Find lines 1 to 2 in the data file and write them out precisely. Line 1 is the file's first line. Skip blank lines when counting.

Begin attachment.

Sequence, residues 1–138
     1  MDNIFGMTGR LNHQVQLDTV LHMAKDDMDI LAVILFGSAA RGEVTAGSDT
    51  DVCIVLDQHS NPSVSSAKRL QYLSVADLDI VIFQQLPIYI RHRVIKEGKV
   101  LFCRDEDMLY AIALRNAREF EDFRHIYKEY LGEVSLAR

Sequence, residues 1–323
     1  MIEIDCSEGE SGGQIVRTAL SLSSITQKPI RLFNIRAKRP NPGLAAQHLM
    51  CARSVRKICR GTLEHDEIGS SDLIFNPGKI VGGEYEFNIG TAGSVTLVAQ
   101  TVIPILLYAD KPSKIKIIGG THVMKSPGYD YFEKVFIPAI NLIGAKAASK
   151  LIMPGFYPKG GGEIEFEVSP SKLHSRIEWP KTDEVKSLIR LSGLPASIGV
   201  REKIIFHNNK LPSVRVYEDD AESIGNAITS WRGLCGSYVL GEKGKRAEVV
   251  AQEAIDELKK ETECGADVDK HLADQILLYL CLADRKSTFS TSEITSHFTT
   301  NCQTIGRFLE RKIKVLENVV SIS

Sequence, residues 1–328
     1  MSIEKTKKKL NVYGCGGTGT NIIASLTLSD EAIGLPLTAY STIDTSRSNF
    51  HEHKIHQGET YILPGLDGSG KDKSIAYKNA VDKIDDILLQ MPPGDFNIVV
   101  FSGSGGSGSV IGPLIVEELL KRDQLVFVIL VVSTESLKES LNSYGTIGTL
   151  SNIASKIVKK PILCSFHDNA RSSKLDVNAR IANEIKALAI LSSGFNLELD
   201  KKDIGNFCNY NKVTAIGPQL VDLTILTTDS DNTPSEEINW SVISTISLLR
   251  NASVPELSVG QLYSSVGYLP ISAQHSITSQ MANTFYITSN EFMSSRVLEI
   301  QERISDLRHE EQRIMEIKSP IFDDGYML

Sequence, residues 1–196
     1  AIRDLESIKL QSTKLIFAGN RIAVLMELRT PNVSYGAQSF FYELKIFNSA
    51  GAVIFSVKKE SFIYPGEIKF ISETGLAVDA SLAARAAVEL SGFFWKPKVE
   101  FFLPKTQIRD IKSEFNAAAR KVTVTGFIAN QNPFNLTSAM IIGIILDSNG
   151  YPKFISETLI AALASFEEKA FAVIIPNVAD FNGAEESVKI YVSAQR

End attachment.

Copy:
Sequence, residues 1–138
     1  MDNIFGMTGR LNHQVQLDTV LHMAKDDMDI LAVILFGSAA RGEVTAGSDT